MAY QUEEN CHRONICLES: And Sometimes You Weep by Thomas Putnam
Sometime this last winter, I read a discussion about the nature of catharsis in Greek tragedy. To the Greeks, theatre can arouse feelings connected with recognized problems by presenting these on the stage, thus allowing the audience to relive them passively and, because of their non-real presentation as drama, also to resolve them. I had been aware of this, but the article focused on who the audience was at the time the Greeks were writing and performing tragedies. The Greeks were immersed in war. The writers and actors and audience were immersed in war. Theatre afforded an opportunity to help deal with the real-life horrors of war by seeing someone else live through them.
Aristotle believed that an audience's ability to feel the same emotions as those displayed by actors onstage is an integral part of the experience of watching theater, and that through this experience, audiences can learn to better regulate their emotions in real life. An audience is far more likely to have a cathartic experience if they form a strong attachment to, or identification with, the characters.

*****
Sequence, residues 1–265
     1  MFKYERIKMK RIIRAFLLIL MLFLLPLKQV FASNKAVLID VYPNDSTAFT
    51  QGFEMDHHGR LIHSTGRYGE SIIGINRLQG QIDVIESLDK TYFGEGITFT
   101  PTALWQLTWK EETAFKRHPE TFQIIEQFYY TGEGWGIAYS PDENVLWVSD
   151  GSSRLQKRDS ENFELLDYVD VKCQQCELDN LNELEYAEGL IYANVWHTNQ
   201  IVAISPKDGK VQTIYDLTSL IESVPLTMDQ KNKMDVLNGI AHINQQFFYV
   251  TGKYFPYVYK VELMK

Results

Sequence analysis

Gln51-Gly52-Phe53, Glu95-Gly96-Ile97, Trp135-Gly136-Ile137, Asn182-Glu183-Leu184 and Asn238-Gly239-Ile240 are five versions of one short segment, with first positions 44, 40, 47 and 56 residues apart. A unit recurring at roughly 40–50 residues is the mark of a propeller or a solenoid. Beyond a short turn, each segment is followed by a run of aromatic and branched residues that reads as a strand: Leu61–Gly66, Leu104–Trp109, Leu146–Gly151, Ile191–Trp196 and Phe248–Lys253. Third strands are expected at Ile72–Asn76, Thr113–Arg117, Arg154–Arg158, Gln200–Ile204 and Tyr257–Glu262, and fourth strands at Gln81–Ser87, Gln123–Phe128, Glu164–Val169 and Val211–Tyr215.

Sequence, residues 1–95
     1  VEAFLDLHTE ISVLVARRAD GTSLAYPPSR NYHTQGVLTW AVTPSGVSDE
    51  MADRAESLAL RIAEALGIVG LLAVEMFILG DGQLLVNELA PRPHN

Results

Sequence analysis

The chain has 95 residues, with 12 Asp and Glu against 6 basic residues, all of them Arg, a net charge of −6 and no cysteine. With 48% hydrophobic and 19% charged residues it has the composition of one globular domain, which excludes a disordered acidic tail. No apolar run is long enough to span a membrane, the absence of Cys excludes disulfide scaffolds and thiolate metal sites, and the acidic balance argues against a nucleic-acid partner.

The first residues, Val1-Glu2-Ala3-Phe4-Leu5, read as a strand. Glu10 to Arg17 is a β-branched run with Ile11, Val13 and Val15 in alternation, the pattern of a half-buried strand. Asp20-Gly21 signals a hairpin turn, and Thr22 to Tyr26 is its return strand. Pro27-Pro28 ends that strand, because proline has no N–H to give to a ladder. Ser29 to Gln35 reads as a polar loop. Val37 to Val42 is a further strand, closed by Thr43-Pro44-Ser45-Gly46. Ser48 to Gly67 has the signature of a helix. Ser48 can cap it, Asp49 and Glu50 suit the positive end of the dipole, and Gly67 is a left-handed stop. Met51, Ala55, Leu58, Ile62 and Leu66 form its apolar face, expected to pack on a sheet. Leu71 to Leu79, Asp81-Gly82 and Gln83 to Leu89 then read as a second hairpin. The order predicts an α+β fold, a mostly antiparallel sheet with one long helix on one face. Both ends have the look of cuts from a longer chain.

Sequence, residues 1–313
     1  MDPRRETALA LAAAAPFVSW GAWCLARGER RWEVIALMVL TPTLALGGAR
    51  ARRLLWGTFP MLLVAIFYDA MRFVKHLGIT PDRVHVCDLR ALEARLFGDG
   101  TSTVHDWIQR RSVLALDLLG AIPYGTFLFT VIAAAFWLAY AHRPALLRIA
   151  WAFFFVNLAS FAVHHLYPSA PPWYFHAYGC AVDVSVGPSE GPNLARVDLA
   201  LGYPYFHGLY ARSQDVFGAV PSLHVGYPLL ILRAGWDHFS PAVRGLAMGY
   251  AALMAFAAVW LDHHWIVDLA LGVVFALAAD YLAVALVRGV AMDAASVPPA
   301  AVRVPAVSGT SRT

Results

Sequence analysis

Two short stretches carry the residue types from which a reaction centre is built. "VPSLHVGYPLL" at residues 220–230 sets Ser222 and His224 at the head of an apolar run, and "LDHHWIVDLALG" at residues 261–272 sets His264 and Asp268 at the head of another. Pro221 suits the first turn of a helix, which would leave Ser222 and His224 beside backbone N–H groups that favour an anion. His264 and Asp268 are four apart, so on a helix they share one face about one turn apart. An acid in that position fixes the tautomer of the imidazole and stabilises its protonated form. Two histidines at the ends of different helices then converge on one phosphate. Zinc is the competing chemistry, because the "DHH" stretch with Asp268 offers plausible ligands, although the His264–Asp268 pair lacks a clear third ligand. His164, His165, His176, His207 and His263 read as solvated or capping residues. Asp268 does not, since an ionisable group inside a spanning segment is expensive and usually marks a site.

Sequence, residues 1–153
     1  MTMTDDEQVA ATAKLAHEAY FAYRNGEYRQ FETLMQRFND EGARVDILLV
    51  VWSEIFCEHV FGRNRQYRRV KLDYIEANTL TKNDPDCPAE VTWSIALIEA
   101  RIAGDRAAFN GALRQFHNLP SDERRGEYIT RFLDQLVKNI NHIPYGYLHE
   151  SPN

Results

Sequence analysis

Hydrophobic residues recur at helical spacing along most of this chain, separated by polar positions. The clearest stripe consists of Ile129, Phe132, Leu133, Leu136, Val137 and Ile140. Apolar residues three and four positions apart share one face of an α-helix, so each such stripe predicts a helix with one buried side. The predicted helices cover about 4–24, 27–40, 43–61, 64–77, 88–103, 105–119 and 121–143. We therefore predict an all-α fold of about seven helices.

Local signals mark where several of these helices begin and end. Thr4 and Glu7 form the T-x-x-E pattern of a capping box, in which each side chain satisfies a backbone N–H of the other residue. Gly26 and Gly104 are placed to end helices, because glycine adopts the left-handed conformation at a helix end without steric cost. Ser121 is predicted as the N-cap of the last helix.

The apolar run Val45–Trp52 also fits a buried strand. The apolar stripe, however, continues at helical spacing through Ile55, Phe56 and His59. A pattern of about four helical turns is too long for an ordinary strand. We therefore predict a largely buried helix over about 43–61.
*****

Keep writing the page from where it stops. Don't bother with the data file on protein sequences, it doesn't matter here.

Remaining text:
THE MAY QUEEN could by no stretch be labeled a tragedy. I believe, however, that some of the issues we are dealing with today, having lived through two years of having so much of our comfortable lives stripped away, and not knowing how to cope with the unfamiliar mental state we are left in, are very present in this play. I offer the possibility that audiences may very well experience catharsis as they connect with these characters and the problems they are working through.
Thankfully there is much humor in the play which helps us through the difficult times. The play takes place in an office, a far cry from the horrors of the war that the Greeks—or Ukranians—have to face. But in the stifling four walls of this office pod, five humans connect and disconnect and struggle and challenge and laugh...and sometimes weep.